For the evaluation of HbA1c and hypoglycaemia, two sensitivity analyses were performed. The first included a previous history of macrovascular disease in addition to the above-mentioned parameters. The second was a more basic model only adjusting for duration of diabetes, previous history of hypoglycaemia and baseline HbA1c. The results of the sensitivity analyses are available in Additional file 1.
All analyses used two-sided tests with the criteria set at α = 0.05.
A total of 2395 patients were enrolled in the insulin detemir group. Thirteen subjects were excluded for the following reasons: no insulin treatment (n = 4), informed consent date after baseline visit date (n = 8) and withdrew informed consent (n = 1). In the insulin glargine group, 491 patients were enrolled and three were excluded because of missing documentation of insulin treatment. The criteria for inclusion in the FAS were met by 78.3% (n = 1865) patients in the insulin detemir group and 70.9% (n = 346) in the insulin glargine group. The criteria for inclusion in the EAS were met by 68.4% (n = 1630) and 60.4% (n = 295) in the insulin detemir and insulin glargine groups, respectively.
A total of 571 (30.6%) people in the detemir group discontinued the study for the following reasons: lost to follow up (n = 355), OAD discontinued (n = 12), addition of short-acting insulin (n = 31), study drug used twice daily (n = 21), study drug discontinued (n = 27), other reasons (n = 49) and missing data (n = 106). In the glargine group, 155 (52.5%) people were withdrawn for similar reasons: lost to follow-up (n = 85), OAD discontinued (n = 4), addition of short-acting insulin (n = 9), study drug used twice daily (n = 1), study drug discontinued (n = 7), other miscellaneous reasons (n = 16) and missing data (n = 40). Patients may have had more than one reason for discontinuing the study.
Baseline characteristics of patients initiated on insulin detemir or insulin glargine: SOLVE™ Turkish cohort
Percentage completing the 24-week study (%)
56.8 ± 10.2
56.6 ± 10.3
Duration of Diabetes (years)
8.1 ± 5.6
8.6 ± 5.4
79.8 ± 13.9
78.5 ± 13.0
29.6 ± 4.8
29.6 ± 4.8
Previous medical history (%)
9.72 ± 1.74
9.24 ± 1.71
83 ± 19
77 ± 19
233 ± 75
221 ± 68
12.9 ± 4.2
12.3 ± 3.7
Rate of minor Hypoglycaemia (events ppy)
OAD Treatment at time of Insulin Initiation (%)
Number of OADs
Class of OAD
Key insulin treatment related endpoints of patients on insulin detemir and insulin glargine at final visit: SOLVE™ Turkish cohort (mean ± SD)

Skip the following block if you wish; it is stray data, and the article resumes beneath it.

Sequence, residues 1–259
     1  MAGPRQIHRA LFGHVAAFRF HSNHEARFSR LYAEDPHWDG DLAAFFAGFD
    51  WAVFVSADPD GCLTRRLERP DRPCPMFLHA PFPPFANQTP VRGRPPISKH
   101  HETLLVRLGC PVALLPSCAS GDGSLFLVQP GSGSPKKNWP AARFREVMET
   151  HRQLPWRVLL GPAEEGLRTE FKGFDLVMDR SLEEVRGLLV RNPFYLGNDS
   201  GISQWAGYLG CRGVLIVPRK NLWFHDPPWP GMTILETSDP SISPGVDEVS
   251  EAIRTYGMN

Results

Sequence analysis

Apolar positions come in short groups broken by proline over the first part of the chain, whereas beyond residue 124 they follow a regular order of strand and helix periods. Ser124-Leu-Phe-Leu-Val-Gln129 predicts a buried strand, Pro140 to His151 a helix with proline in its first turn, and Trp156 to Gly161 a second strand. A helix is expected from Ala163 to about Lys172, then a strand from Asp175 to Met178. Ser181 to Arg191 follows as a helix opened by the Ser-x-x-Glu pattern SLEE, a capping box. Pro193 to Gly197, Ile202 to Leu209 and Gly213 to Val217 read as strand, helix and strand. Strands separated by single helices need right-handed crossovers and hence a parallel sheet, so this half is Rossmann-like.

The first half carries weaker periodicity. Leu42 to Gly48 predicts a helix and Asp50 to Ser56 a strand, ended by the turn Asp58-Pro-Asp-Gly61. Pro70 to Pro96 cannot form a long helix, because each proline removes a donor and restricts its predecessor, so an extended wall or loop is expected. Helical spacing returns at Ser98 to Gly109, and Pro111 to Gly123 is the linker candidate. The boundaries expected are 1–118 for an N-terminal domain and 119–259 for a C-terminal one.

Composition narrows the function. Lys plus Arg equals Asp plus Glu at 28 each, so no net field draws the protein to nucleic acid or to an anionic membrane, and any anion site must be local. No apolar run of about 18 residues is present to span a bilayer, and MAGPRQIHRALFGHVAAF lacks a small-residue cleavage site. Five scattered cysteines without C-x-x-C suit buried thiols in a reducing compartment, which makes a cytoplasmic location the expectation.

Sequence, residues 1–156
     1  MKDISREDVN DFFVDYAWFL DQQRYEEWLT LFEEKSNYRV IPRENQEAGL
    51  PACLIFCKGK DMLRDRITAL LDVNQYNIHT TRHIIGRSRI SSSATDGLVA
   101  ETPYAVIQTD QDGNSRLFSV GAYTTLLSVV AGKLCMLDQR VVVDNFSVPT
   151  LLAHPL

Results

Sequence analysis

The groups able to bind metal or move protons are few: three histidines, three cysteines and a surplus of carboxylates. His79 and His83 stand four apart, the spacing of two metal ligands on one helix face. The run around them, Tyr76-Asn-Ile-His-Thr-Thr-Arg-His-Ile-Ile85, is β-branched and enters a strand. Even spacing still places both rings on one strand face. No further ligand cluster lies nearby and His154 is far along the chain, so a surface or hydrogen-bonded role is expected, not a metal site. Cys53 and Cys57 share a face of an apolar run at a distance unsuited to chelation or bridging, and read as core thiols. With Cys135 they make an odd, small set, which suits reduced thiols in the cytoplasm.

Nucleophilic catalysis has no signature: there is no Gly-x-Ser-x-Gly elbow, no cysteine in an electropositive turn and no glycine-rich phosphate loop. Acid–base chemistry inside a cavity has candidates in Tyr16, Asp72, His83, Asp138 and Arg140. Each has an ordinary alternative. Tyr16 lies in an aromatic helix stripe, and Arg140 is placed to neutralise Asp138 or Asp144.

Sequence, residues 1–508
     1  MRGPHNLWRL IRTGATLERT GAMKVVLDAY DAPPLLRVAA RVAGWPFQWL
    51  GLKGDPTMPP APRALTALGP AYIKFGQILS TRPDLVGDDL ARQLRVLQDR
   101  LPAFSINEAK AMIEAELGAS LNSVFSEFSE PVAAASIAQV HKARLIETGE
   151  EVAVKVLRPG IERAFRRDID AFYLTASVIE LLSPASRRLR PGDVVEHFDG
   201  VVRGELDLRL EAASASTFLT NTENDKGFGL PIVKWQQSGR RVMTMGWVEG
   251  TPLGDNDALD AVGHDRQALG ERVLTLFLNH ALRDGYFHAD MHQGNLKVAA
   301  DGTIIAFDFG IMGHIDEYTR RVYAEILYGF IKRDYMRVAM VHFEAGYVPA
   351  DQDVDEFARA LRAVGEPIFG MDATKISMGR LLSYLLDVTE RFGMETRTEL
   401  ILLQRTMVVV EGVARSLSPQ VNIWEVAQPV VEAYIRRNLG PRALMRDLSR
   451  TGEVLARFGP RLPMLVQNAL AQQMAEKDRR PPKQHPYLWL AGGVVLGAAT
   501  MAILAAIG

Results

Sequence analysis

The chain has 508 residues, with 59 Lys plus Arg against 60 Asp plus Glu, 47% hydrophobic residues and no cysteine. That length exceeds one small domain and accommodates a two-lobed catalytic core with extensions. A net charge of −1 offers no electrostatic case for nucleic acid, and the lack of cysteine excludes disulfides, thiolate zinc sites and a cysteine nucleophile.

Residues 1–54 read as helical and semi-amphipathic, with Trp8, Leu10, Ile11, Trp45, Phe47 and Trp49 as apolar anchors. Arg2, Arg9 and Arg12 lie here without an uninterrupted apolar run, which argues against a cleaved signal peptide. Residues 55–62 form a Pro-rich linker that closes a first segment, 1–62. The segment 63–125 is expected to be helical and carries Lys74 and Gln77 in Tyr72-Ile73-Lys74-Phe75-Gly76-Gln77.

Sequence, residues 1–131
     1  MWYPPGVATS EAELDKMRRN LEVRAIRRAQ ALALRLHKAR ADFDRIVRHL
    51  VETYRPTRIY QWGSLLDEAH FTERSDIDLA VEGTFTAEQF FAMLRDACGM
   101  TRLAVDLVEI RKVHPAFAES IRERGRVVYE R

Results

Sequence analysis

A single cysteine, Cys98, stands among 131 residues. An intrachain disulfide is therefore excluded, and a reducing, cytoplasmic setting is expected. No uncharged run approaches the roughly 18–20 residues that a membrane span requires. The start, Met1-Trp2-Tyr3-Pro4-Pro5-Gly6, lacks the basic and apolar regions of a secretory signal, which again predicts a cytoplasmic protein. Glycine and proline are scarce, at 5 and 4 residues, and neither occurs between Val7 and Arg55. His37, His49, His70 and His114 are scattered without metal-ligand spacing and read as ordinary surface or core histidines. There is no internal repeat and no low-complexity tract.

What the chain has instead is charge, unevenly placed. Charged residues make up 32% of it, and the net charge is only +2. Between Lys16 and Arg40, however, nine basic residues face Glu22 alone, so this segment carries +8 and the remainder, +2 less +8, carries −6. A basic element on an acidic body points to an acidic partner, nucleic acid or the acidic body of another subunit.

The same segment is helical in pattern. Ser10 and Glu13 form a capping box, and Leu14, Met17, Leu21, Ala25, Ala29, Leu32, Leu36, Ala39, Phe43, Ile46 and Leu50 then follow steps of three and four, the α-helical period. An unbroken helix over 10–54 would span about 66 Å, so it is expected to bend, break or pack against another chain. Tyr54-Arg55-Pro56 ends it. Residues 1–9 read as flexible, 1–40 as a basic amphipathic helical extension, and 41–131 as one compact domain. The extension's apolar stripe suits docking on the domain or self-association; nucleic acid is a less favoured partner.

7.48 ± 1.19
7.38 ± 1.24
58 ± 13
57 ± 14
145 ± 44
139 ± 38
8.0 ± 2.4
7.7 ± 2.1
79.5 ± 12.6
79.7 ± 12.2
Rate of Minor Hypoglycaemia (events ppy)
Insulin Dose (U/kg)
0.30 ± 0.13
0.31 ± 0.14
Serious adverse drug reactions (SADRs) and adverse drug reactions (ADRs)
SADRs, including major hypoglycaemia, were not reported during the observation period in either treatment group.
A single ADR was reported in the insulin detemir group (pruritus, skin and subcutaneous tissue disorder), and the relationship of this ADR to insulin detemir was determined as ‘probable’. It was documented that the condition recovered, and that neither the therapy, nor the insulin dose was modified.
The incidence rate of minor hypoglycaemia increased significantly (p <0.001) in both groups from pre-insulin to final visit (+0.66 and +2.23 events per patient year in the detemir and glargine groups, respectively). Minor daytime hypoglycaemic events per patient year were 0.30 at baseline and 0.84 at final visit for insulin detemir, and 0.59 at baseline and 2.42 at final visit for insulin glargine. In the insulin detemir group, nocturnal hypoglycaemia occurred at a rate of 0.07 and 0.25 events per patient year at baseline and at final visit, respectively. In the insulin glargine group, the rate of nocturnal hypoglycaemia was 0 and 0.16 events per patient year at baseline and at final visit, respectively.
Weight, BMI and lipids
During the observational period, moderate weight loss was observed in patients treated with insulin detemir, with a mean change in weight of -0.23 kg [95% CI -0.49, 0.02]. In contrast, patients in the insulin glargine group gained weight, with a mean weight change of +1.55 kg [95% CI 1.11, 2.00]. Insulin type was identified as an independent predictor for weight loss ≥1 kg during the study after adjustment for known confounders (Figure 1b). Insulin detemir was associated with significantly greater odds of weight loss ≥1 kg (OR 1.75 [95% CI 1.18, 2.59; p = 0.005]) relative to insulin glargine.
Total cholesterol changed from 5.4 ± 1.1 mmol/l at baseline to 5.1 ± 1.0 mmol/l (change -0.4 mmol/l, [95% CI -0.5, -0.2], p < 0.001) in the insulin detemir group, and from 5.3 ± 1.1 mmol/l to 4.7 ± 0.9 mmol/l (change -0.6 mmol/l, [95% CI -0.9, -0.3], p < 0.001) in patients treated with insulin glargine. Triglycerides changed from 2.3 ± 1.3 mmol/l at baseline to 2.0 ± 1.0 mmol/l (change -0.3 mmol/l, [95% CI -0.4, -0.1], p < 0.001) in the insulin detemir group, and from 2.3 ± 1.2 mmol/l to 1.9 ± 0.9 mmol/l (change -0.4 mmol/l, [95% CI -0.6, -0.1], p = 0.01) in the insulin glargine group.